A high-resolution CT scan shows the tail end of a 67-million-year-old hadrosaur dubbed Dakota. The dinosaur's mummy was carefully transported from its resting place in North Dakota to a facility in California capable of scanning the ten-ton fossil.
The exquisitely preserved body was found with much of its tissue still intact inside an envelope of skin.
Scans of the mummy show that the dino's tail vertebrae are spaced farther apart than previous fossil finds had suggested. This means that hadrosaurs probably had much longer tails than have traditionally been depicted, the research team said.
"It's rare to find an articulated skeleton, and even more so to find one with fossilized soft tissue," said Michigan State University zoologist Peggy Ostrom, an expert in ancient proteins who was not part of the Dakota team.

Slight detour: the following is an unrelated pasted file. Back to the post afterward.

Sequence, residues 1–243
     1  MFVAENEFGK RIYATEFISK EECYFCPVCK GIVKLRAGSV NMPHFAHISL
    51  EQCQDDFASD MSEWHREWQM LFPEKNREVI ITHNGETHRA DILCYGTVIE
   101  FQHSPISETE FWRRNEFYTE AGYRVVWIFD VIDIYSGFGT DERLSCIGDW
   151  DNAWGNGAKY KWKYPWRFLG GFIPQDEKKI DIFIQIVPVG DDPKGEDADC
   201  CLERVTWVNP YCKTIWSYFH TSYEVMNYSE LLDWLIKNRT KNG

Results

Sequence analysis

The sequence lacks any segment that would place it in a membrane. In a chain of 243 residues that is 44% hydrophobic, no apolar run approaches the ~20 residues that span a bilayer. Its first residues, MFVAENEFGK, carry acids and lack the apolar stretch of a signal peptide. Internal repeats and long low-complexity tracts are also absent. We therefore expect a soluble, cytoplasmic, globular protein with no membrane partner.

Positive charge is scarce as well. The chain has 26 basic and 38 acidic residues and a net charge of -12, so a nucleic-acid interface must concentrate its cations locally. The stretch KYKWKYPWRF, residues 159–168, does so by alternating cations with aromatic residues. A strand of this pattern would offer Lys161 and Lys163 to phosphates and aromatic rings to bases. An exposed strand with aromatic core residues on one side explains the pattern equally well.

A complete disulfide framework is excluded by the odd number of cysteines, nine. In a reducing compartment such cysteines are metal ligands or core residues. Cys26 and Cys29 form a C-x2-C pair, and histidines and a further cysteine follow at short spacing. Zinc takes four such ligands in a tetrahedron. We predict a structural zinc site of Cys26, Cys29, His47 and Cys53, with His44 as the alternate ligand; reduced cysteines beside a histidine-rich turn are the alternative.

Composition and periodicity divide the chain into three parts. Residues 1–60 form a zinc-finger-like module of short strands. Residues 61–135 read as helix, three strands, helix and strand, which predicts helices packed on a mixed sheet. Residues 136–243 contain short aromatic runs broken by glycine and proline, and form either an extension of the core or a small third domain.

"If such finds show extraordinary preservation, they tempt us to wonder about the possibility of finding [unfossilized] biomolecules that might be remnants of the ancient organism."
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Image courtesy Pratt & Whitney/Boeing ) 2007 National Geographic